Are You Preventing Yourself from Building Skills
I’m building a kid’s table and chairs which is the 2015 Woodworkers Fighting Cancer project. The legs are raked 5° and each leg is comprised of 2 pieces laminated for additional thickness. This means that I have to make 4 angled cuts per leg and 16 cuts for all 4 legs. Now anyone will tell you that the actual degree of the angle is less important than the consistency of the angle from one piece to the other. Consistency sounds like a job for my miter box.
I started using a miter box to make the 5° cuts and realized that I was not getting cuts right on my angle either across the width or through the thickness of the board. So I fiddled with the box a bit then starting cutting again. A few cuts later and I found the angle was off again. So I fiddled some more. Somehow the miter box wasn’t holding its setting nor was it holding the saw firmly enough to eliminate any play.
It was then I had one of those out of body experience where I was looking down on myself messing around with this miter box and remembered that one of the things I love about hand tools is that you don’t have to mess around with fences and guides that regulate (and restrict) the cutting edge.
Make that same angled cut without the miterbox and it is just a matter of technique. Technique you can count on and fences and guides require trust that something else is doing its job. Call me a control freak but I know when I’m sawing accurately. The feedback from the blade and my stance, and my eyes tell me I’m splitting that line. When I rely on the miterbox to do this for me I lose control.
The beauty of a hand saw is say it with me now…
If you can see the line, you can saw the line
I started asking myself, “why was I using the miter box in the first place, I can make that cut without it”
Yes there is a learning curve to being able to nail a line across the width and through the thickness of a board, but your reward is infinitely more valuable than spending the time to fine tune some jig or machine to hit the line for you. Freedom is the result of learning to do it “the hard way”.
Now a lot of you may be scoffing at me right now thinking that I lose repeat-ability with that guided angle or a stop block allowing me to cut each piece to exactly the same length. But I have to respond as to whether that is actually needed at this point. Regardless of whether a miter box guided the saw or my arm guided the saw, I would be visiting the edge with a plane to clean up the cut. So I grabbed my bevel gauge that I have already set so I could set the miter box against and marked a line on the board…and sawed to it. Guess what, my cut was more accurate and I powered through the last 9 pieces in less than a minute. Woodworking level up!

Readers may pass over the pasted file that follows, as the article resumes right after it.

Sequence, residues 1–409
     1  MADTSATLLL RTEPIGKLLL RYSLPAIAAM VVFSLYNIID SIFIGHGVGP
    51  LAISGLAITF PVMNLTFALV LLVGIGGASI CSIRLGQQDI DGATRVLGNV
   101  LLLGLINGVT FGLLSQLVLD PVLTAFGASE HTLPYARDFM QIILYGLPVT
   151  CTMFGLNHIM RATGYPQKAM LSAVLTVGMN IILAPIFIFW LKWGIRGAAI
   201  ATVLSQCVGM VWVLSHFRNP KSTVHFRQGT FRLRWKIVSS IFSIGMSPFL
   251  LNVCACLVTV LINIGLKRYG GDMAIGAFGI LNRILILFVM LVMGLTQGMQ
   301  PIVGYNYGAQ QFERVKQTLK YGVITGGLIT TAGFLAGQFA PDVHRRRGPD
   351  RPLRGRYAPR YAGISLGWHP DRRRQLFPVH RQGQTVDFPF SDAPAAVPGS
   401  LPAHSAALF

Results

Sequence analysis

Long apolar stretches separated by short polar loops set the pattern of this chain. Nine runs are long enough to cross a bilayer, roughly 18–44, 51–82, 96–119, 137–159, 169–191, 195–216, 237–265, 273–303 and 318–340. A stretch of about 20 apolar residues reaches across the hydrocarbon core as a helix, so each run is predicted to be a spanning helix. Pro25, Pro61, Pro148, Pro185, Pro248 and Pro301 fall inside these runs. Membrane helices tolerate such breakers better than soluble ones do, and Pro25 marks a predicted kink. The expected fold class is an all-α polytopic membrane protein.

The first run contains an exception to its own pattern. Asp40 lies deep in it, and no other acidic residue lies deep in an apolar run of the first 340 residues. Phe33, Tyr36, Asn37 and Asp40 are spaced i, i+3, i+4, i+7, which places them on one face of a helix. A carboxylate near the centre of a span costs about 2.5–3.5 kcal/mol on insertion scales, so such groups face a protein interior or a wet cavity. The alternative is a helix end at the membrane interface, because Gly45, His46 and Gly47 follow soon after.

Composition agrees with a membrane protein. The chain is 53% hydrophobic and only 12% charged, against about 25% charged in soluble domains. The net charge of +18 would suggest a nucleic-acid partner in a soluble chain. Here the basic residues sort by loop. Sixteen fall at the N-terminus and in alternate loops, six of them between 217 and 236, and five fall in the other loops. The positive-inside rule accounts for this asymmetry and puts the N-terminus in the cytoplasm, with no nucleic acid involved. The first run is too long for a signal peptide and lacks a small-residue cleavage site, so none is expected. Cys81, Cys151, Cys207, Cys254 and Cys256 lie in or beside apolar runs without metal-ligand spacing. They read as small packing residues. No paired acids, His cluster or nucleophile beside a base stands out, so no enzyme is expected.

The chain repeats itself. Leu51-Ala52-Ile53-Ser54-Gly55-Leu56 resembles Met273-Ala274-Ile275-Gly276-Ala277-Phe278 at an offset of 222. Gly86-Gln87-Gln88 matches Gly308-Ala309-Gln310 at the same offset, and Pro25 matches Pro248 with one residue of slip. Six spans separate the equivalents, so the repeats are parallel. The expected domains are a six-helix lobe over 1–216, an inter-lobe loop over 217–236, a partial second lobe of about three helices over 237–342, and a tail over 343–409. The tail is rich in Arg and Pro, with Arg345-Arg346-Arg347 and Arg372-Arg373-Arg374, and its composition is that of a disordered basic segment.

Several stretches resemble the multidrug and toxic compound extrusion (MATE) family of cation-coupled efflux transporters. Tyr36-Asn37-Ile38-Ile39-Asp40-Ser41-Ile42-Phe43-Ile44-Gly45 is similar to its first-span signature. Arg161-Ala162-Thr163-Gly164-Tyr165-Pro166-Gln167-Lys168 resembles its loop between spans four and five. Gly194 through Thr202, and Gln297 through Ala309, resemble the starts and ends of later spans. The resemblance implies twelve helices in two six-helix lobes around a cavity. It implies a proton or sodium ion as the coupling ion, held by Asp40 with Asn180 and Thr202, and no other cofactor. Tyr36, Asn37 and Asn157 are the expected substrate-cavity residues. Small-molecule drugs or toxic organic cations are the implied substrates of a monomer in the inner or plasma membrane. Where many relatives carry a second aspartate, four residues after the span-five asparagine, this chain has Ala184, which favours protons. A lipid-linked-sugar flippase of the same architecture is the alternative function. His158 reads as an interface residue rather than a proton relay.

This is not an anti jig rant. To prove it I will say that most likely I’ll be making this clean up plane pass using a jig called a shooting board with a custom angle fence. There is nothing wrong with getting a little help but the key is to remember at what point it actually will make a difference. I may end up fiddling with the shooting board to dial in the cuts but now it counts when it comes to how the parts will actually fit together. Even then a shooting board is pretty straight forward and there aren’t any moving parts that need to be adjusted so I doubt anyone is going to be fiddling with it very much.
My point is that I got into hand tool work so I could rely on my own skills to guide and power my tools. I hate machine maintenance and cringe at the hours I spend messing around with a machine to get it cutting correctly. With my hand tools I just need to make sure my edges are sharp, the rest comes from my own skill. When your own skill bails you out of tight spots, it is a truly liberating and empowering feeling.Fences and guides and stops are not evil, please don’t misunderstand me. I could put some time into my miter box and get it more consistent but it doesn’t change the fact that I don’t need that level of precision at that stage of the game. Inserting a tool that regulates the movement of my saw is just selling my own skills short when I know I’m only going to refine the edge with a shooting board later. Once you get around that and begin to build your skill as a sawyer, you might be surprised at how accurate your cuts start to become in the first place. Now you are spending even less time at the shooting board. Or you skip the shooting board completely and just run a plane over the edge to clean up the saw marks because that edge is already at the right angle and perfectly square.
For those of you thinking to yourself, “I’ll keep using my miter box until my sawing skills get better”. Ask yourself, how will you improve your sawing skills if you keep relying on the miter box to guide the saw? I know I have picked on the miter box once already but this is only one example of many where our gadgets might be holding us back.
Can you think of other tools/techniques that might hold us back from building our skill?